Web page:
The family of a New Zealander missing from a capsized livestock ship are preparing to launch a private search and rescue.
It's been two weeks since the Gulf Livestock 1 sank in a typhoon off the coast of Japan carrying 43 crew and nearly 6000 cattle, on 2 September.
So far, three crew members have been found, two alive and one dead.
The Japanese Coast Guard last week scaled back its search efforts, but the family of one of the two missing New Zealanders who were on board are still hopeful for the crew to be found alive.
The family of Lochie Bellerby said they are bewildered the New Zealand Government has not done more to help the rescue.
In a statement they said they were overwhelmed by the donated resources, support and generosity of private individuals.
"These offers are from satellite organisations, Japanese translators, local Japanese fishing villages in boats searching shorelines, marine experts helping with forecasting, to shipping vessels in the area scanning the ocean."
However the Bellerby family said there had been a distinct lack of action from the Government.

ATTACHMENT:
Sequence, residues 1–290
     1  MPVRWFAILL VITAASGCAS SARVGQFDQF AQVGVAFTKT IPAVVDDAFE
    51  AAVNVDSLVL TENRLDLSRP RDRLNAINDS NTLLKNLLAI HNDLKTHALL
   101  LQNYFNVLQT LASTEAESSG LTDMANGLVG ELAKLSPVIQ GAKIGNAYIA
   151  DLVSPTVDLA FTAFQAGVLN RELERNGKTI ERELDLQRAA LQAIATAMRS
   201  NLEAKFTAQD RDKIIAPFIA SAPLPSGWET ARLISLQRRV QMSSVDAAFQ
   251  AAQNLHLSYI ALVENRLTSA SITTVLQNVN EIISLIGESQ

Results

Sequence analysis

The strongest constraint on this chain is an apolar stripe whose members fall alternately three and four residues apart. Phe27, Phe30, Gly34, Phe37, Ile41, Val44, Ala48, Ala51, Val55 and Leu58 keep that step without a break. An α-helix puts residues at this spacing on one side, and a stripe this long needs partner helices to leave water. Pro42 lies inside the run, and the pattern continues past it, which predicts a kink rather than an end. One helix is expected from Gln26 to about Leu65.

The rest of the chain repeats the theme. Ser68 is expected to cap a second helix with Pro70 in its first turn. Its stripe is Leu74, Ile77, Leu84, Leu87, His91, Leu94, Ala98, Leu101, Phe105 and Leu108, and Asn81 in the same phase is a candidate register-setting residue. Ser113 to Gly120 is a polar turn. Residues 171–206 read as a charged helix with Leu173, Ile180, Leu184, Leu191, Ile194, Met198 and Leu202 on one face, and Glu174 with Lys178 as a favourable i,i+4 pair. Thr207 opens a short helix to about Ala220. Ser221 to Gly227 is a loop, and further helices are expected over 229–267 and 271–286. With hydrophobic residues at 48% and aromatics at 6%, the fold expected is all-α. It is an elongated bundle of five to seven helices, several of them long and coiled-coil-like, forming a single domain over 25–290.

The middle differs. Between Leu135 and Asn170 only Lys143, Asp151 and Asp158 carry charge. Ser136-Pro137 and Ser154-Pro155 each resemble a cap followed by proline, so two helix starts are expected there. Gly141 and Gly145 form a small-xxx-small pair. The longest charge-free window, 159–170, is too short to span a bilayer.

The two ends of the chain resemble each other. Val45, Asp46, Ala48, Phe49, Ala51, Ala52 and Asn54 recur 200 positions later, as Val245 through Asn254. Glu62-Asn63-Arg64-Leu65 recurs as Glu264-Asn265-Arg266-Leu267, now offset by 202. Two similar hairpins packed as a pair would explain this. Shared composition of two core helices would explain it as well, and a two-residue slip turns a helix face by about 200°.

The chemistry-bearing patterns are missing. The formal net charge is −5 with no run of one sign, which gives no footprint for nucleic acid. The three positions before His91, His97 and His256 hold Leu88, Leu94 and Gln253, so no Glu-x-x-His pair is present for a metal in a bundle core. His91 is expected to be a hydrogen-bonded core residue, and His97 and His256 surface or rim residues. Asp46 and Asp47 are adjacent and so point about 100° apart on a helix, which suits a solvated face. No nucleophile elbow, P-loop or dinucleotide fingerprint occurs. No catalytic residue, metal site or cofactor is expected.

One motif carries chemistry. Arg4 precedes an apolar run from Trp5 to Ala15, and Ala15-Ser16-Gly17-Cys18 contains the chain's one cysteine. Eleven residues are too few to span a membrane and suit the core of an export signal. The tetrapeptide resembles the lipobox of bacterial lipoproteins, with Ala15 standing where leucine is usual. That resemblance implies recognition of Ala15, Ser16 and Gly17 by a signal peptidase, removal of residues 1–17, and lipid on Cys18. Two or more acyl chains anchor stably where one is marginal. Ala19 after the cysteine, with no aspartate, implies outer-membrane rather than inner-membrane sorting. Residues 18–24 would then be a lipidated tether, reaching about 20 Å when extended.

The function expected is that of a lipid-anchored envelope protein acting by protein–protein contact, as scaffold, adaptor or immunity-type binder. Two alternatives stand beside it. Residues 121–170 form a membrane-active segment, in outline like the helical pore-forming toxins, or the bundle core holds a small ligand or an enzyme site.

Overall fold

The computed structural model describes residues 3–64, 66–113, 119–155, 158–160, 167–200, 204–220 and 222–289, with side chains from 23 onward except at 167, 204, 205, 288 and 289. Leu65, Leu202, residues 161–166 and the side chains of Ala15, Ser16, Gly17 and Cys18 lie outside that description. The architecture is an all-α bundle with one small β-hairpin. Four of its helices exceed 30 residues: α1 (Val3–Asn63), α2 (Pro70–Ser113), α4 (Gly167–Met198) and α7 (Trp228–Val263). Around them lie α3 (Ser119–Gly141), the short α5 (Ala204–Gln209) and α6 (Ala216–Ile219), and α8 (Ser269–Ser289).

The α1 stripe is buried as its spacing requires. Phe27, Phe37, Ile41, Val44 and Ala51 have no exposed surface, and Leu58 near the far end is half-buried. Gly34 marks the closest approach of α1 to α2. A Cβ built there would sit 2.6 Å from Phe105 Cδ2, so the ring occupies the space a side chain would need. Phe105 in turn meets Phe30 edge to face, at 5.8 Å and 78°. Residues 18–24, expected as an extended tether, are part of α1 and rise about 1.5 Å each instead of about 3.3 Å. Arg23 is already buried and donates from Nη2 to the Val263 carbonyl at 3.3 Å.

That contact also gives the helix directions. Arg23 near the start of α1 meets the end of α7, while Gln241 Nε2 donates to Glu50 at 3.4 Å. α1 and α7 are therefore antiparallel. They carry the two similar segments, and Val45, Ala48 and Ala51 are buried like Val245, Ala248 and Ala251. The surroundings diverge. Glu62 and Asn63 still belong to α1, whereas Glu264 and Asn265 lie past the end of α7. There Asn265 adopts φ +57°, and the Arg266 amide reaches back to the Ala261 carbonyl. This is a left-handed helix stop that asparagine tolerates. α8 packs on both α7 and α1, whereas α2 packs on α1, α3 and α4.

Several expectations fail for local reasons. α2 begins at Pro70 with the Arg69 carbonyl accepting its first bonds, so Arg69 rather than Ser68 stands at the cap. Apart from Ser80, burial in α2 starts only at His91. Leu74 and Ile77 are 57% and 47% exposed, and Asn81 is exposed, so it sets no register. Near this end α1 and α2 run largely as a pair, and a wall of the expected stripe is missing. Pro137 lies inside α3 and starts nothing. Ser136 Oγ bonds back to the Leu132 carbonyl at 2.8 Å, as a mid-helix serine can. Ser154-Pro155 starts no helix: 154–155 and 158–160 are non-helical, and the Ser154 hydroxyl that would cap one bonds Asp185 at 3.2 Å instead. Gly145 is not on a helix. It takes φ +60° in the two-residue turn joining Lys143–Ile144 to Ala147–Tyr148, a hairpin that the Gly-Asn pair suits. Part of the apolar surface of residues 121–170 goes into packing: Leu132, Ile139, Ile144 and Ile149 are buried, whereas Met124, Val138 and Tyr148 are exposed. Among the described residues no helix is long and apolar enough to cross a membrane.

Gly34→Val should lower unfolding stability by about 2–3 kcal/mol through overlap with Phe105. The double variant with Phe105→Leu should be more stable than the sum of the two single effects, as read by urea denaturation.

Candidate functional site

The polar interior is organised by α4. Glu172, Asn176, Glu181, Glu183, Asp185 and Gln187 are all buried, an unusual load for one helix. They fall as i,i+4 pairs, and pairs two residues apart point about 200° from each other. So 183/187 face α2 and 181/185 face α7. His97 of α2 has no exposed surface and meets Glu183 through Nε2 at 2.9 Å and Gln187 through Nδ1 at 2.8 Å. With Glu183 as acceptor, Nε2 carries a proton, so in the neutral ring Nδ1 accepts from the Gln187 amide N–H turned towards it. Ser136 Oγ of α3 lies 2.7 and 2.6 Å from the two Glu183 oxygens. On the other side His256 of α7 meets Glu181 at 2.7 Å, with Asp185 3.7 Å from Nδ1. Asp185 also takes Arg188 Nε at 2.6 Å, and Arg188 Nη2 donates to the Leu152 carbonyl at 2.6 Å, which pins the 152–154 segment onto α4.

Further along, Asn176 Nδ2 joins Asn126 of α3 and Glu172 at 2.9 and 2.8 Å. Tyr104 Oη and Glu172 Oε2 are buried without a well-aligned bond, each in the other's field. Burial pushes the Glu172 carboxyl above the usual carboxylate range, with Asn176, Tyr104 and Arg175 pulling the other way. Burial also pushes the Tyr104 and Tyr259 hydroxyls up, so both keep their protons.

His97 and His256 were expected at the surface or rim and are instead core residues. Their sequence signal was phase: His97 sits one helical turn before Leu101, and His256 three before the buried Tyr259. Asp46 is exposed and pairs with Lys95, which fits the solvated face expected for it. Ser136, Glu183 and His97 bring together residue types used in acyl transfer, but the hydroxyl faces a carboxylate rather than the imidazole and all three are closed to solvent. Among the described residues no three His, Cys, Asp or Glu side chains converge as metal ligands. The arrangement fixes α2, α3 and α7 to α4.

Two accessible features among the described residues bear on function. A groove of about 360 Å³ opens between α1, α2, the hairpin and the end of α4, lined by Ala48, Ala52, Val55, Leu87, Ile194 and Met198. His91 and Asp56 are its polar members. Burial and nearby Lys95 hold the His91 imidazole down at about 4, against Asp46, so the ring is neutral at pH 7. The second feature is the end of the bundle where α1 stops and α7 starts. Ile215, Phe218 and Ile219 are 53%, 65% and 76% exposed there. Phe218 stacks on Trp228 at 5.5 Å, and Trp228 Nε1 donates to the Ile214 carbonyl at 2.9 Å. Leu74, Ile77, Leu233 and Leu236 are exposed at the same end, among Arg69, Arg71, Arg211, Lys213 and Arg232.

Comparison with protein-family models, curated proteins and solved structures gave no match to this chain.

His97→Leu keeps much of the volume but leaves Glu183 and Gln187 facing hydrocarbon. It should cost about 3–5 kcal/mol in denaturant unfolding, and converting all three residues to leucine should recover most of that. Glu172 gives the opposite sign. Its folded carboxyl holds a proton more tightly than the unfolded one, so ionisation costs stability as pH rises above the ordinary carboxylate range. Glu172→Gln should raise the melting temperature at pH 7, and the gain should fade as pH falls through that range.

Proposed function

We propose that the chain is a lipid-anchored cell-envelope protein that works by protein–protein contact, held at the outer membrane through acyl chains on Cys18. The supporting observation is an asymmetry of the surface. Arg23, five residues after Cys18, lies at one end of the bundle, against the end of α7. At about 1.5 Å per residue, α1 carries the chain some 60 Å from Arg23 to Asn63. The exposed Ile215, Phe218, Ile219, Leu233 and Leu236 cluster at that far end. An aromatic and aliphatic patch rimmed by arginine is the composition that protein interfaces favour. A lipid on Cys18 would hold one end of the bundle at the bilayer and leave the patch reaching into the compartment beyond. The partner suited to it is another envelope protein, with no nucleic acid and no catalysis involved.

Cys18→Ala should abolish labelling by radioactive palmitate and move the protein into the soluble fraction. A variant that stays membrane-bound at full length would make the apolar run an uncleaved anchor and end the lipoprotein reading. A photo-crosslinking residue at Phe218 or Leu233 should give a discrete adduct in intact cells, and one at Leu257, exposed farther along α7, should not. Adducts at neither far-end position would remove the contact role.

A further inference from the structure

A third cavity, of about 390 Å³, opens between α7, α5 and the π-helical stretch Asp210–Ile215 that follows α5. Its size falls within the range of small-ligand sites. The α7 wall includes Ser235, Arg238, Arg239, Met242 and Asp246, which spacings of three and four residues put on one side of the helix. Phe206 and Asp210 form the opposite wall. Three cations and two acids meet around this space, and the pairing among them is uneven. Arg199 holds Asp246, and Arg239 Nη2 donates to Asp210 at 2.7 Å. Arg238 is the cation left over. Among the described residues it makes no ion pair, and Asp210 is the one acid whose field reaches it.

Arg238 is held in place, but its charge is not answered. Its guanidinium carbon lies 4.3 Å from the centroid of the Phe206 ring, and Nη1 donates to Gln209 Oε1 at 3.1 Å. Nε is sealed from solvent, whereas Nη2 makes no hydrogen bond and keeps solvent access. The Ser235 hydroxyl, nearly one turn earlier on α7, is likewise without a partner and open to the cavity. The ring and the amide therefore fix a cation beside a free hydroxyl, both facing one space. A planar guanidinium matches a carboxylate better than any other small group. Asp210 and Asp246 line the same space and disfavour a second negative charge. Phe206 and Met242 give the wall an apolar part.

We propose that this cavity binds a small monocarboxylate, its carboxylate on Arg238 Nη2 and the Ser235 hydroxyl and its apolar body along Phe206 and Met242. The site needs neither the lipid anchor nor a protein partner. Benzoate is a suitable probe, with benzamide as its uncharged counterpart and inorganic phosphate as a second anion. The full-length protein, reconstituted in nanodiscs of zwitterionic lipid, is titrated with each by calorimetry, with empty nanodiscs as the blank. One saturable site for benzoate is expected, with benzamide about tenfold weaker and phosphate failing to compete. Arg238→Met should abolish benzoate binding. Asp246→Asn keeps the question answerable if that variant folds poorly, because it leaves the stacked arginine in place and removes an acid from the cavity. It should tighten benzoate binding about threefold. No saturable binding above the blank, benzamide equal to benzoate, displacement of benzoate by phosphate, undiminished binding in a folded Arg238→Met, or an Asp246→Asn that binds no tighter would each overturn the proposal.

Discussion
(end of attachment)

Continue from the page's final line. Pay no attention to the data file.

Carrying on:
"The Prime Minister and Minister for Foreign Affairs say they are doing "all we can do" but this is not what's happening on the ground, or if it is, the family are not aware of it."
They said they have been left no choice but to be ready to mount a private, locally-organised response and rescue plan.
"Yesterday an independent satellite conducted a 15 kilometre wide sweep of the area capturing high definition images.
"The satellite will pass over again today. If the satellite search identifies "objects of interest", we remain unclear about what MFAT and the wider-Government plan to do to mobilise quickly."